Yea or nay? The mysteries of breeding

Well I wrote last about attempting to get our 3 girl alpacas bred to our herdsire Hershey.  We have a system in place now, along with the addition of catch pens, that have aided tremendously in having success this year I hope. 

No matter how you look at it, or how you try to deny it, you have to have the right tools to achieve success.  Sometimes you try to do without to save money, but evaluate how well that is working for you.   We did not have catchpens last year and since we acquired one for the girls and one for the boys this year it has improved our processes tremendously.  You have to “catch” them up in the pen to halter them, or groom them, or whatever.    It was just an accidental/unintentional purchase when a nearby farm was retiring and selling everything and when we visited them they had catch pens for sale.  We bought two. 


So with spring breeding we have hopefully been successful.  I have my notebook with the girls names on each page and recording the dates they rendezvous with Hershey.  It would appear at this point in time that he was successful in each first time breeding with each girl.  We have done followup rebreeds at one week intervals spaced a couple days apart for each girl  and so far they all are spitting him off (and I mean plastering him with the green stuff, and us as well if we are in spitting distance).  So I will move our “spit tests” now to monthly and see if pregnancies are holding, then have the vet do progesterone tests later on.  I record everything we do for each girl.  We record everything we do for all the animals healthwise, but the breeding requires more detailed notes.  We have been doing breedings in the evenings as it fits better with our schedules.  There have been many conversations about how farms “create” the female cria/baby, and several said time of day made a difference, with evening being high on the list.  We shall see.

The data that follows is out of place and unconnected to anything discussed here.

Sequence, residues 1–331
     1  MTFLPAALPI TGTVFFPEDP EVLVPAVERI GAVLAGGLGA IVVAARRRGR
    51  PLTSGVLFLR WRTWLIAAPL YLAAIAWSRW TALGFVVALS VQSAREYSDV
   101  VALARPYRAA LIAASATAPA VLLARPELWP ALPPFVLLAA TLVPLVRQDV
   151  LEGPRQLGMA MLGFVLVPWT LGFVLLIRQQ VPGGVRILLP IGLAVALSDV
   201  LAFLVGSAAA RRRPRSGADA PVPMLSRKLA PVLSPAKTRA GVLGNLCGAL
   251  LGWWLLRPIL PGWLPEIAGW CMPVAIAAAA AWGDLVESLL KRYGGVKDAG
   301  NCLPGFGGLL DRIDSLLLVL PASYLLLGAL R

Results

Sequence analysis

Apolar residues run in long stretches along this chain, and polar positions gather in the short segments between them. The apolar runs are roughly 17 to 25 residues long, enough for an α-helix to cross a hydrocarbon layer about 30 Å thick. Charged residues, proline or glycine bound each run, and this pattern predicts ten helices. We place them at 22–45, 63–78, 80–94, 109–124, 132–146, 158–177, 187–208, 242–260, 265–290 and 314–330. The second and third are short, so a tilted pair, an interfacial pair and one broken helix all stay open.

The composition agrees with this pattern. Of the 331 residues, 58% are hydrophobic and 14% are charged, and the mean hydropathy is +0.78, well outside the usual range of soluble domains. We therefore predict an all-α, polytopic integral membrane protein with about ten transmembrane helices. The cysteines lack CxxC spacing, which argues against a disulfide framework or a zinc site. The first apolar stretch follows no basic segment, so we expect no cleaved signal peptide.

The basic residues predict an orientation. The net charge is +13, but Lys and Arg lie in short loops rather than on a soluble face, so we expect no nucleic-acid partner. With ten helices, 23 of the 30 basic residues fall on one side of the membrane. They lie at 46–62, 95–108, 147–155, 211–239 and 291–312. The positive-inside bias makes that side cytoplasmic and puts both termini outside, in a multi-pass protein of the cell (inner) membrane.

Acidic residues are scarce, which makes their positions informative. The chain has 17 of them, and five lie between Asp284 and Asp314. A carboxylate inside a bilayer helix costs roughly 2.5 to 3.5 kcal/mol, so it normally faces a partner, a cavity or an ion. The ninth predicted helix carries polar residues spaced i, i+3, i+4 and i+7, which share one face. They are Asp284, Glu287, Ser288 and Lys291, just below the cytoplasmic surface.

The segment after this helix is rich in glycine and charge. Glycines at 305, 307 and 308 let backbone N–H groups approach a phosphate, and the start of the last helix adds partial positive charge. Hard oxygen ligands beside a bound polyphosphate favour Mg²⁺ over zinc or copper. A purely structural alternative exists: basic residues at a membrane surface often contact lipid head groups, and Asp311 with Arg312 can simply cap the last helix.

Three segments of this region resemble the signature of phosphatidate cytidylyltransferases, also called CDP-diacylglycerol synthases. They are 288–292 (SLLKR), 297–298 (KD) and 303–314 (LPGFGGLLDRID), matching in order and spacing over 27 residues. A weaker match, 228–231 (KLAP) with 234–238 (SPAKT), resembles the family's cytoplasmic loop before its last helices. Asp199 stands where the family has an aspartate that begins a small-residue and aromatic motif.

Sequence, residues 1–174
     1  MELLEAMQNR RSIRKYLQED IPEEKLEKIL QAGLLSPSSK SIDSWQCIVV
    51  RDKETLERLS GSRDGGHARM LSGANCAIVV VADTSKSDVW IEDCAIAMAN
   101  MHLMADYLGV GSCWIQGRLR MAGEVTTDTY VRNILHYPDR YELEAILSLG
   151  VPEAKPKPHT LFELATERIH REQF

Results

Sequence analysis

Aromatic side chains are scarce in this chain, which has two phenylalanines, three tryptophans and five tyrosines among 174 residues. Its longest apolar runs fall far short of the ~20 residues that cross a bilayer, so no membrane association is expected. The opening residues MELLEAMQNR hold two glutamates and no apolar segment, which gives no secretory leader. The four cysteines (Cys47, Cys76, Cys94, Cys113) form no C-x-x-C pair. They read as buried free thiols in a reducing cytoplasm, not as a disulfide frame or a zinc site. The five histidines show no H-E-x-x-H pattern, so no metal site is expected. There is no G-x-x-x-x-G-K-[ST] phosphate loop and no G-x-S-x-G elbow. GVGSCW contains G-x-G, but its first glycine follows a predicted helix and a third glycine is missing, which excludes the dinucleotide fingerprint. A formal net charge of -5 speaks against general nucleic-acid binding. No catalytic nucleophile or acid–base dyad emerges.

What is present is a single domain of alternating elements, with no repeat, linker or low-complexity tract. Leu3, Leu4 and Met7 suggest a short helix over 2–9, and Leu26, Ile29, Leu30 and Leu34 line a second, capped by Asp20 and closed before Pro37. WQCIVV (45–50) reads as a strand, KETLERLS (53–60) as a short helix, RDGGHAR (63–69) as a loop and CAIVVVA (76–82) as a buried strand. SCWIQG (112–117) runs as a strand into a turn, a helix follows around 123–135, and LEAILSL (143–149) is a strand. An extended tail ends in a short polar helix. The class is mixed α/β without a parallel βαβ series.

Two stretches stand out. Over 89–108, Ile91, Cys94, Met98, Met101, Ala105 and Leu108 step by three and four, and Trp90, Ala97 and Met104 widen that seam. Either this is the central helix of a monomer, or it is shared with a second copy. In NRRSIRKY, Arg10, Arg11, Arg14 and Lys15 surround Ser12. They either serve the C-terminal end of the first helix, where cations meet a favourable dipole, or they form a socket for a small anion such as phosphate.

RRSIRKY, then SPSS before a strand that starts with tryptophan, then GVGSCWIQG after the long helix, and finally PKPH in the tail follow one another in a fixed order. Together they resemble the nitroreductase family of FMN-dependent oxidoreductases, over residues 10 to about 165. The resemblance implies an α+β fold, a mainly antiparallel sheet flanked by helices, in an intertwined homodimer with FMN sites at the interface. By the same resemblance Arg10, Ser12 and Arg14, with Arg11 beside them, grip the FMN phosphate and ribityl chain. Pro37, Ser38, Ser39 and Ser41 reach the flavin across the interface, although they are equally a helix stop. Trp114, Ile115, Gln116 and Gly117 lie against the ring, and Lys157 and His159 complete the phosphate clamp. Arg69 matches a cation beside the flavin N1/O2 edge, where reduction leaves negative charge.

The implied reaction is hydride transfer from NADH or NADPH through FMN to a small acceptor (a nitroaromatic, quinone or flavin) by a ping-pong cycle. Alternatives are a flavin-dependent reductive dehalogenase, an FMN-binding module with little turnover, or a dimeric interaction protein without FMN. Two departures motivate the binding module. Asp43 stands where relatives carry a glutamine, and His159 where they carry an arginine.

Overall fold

After much frustration last year, without catchpens, and trying to get Hershey and a girl together in his fenced in barn space, it just didn’t work well.  There was too much room where she would run away and he would stand in the corner timidly.  We learned the trick is to get them close together (i.e., catch pen) .  The female needs to kush; our guy just will not be aggressive enough to chase.  Some farms I have heard “help” the girl kush to get things going.   We halter both animals and can hook up a lead if needed.  Getting in and holding the girls tail out of the way helped a lot.  We didn’t try wrapping the tail as some recommend.   Hershey also learned what the catch pens were for if there was a girl in there; and was much quicker in getting down to business each time he was taken to the pen. 

I really, really hope we have three successful pregnancies.  I bought all my animals focusing on grey and rose grey and they all have grey, silver or rose grey in their lineage.  The gestation is 11 months to 12 months and I will be very anxious for  successful  deliveries.  I am keeping my fingers crossed we are on the right path this year.


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